cord grass, big bluestem, switch and other grasses
turn bronze and gold.
are the order of the day at Goose Lake Prairie.
Animals living here include deer, coyote, red fox,
cottontail rabbit, muskrat, beaver and badger.
Barred owls and red-tailed, Kestrels and marsh hawks
are among the birds of prey you may see. Marsh birds
such as red-winged blackbirds, kildeer, great blue
herons and great egrets might be spotted in the
warmer months, while waterfowl species include
Canada geese, wood ducks, mallards and blue-winged
teals. In addition to the area�s year-round
inhabitants like ringneck pheasants and northern
bobwhites, migrating birds include catbirds, eastern
kingbirds and a variety of warblers.
The marsh is home
to turtles, snakes and frogs, while butterflies
frolic among the flowers each spring and summer.
Rare papaipema moths, previously thought to be
extinct, have been found here.
cabin at Goose Lake Prairie stands as a monument to
the pioneer spirit. The original cabin was built by
John and Agnes Cragg in the late 1830s near Mazon,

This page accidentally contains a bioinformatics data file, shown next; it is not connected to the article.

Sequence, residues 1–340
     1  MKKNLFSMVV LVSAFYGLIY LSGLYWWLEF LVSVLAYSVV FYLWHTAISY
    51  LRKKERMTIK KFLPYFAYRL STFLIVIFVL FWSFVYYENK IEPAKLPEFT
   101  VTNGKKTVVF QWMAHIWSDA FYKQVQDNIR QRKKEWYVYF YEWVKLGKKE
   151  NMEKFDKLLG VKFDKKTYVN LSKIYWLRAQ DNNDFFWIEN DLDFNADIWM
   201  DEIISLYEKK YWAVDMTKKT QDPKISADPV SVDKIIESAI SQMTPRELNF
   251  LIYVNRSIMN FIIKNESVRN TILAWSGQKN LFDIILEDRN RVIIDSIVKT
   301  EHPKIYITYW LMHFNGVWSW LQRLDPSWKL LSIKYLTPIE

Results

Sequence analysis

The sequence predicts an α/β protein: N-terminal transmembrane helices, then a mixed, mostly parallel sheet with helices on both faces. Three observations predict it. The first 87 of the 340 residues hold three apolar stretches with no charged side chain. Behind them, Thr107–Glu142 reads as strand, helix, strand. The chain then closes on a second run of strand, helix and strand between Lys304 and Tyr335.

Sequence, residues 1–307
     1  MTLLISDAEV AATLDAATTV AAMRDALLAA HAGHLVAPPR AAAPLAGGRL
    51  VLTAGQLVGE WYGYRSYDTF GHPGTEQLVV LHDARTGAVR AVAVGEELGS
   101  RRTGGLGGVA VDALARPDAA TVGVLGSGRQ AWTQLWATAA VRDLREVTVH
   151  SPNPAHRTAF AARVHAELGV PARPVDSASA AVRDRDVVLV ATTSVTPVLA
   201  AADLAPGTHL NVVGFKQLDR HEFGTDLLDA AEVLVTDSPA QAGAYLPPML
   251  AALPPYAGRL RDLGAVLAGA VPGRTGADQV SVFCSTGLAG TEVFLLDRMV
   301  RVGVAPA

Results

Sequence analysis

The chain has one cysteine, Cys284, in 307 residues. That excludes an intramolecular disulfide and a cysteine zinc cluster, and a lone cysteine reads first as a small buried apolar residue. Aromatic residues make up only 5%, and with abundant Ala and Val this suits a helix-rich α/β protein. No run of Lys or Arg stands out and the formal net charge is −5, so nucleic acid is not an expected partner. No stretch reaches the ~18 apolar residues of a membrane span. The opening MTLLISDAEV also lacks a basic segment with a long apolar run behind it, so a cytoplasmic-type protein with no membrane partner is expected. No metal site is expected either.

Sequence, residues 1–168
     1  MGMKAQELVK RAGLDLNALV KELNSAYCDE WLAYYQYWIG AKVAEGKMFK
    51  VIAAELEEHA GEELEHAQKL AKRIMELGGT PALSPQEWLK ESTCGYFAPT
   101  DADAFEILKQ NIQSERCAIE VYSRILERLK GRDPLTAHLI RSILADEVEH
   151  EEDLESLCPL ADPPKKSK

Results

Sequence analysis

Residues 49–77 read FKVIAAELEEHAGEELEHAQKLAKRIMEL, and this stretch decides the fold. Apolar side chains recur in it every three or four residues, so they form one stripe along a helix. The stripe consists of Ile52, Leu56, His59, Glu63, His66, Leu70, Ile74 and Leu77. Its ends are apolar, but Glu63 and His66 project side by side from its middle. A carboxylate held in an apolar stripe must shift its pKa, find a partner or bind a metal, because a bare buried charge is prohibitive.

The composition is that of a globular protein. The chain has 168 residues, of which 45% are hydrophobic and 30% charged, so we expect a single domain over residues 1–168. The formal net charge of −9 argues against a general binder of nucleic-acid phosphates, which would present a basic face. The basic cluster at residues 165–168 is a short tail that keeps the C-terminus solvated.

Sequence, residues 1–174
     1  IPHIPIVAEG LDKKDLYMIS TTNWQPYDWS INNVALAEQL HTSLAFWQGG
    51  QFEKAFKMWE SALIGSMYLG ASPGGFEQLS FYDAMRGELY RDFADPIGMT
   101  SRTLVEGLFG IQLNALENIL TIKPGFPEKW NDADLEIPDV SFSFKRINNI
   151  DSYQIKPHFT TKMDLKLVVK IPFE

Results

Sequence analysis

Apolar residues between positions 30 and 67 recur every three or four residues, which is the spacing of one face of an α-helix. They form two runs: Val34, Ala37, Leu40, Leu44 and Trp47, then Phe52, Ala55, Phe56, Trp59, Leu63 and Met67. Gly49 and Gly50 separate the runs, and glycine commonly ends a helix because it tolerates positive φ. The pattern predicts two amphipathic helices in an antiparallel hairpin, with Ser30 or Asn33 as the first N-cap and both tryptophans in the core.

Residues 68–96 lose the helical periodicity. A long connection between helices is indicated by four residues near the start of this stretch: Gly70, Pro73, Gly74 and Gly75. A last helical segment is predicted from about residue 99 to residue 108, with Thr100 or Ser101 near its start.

10 miles to the southwest. A predecessor to a truck
stop, the Cragg cabin served as a stop on the old
Chicago-Bloomington Teamster Trail. The second story
- which was added to accommodate the Cragg�s six
children, making it one of the first two-story homes
in Grundy County - earned the cabin the nickname of
Goose Lake Prairie
contains over 7 miles of hiking trails including a
floating bridge. is to hit the trails. Prairie View
Trail, with 3.5 miles of moderate hiking, goes
through prairie and farmland. Visible are strip mine
reclamation areas, low-lying marshes and farmland.
Tall Grass Nature Trail is a self-guiding trek that
winds through the prairie and the trail�s
trademark grasses of big bluestem and Indian grass,